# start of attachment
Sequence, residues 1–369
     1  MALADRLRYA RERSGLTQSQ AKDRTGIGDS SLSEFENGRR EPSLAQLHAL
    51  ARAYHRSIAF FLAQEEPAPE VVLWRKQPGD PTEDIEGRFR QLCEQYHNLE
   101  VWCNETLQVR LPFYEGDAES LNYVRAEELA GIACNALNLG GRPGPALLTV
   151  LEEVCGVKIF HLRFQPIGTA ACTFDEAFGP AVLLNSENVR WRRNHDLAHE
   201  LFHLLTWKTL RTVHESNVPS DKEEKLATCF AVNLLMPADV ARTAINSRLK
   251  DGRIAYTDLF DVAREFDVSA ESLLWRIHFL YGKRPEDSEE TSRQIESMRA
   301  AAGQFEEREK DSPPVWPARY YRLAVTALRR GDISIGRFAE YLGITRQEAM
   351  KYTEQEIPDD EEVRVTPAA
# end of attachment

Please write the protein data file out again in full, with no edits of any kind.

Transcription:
Sequence, residues 1–369
     1  MALADRLRYA RERSGLTQSQ AKDRTGIGDS SLSEFENGRR EPSLAQLHAL
    51  ARAYHRSIAF FLAQEEPAPE VVLWRKQPGD PTEDIEGRFR QLCEQYHNLE
   101  VWCNETLQVR LPFYEGDAES LNYVRAEELA GIACNALNLG GRPGPALLTV
   151  LEEVCGVKIF HLRFQPIGTA ACTFDEAFGP AVLLNSENVR WRRNHDLAHE
   201  LFHLLTWKTL RTVHESNVPS DKEEKLATCF AVNLLMPADV ARTAINSRLK
   251  DGRIAYTDLF DVAREFDVSA ESLLWRIHFL YGKRPEDSEE TSRQIESMRA
   301  AAGQFEEREK DSPPVWPARY YRLAVTALRR GDISIGRFAE YLGITRQEAM
   351  KYTEQEIPDD EEVRVTPAA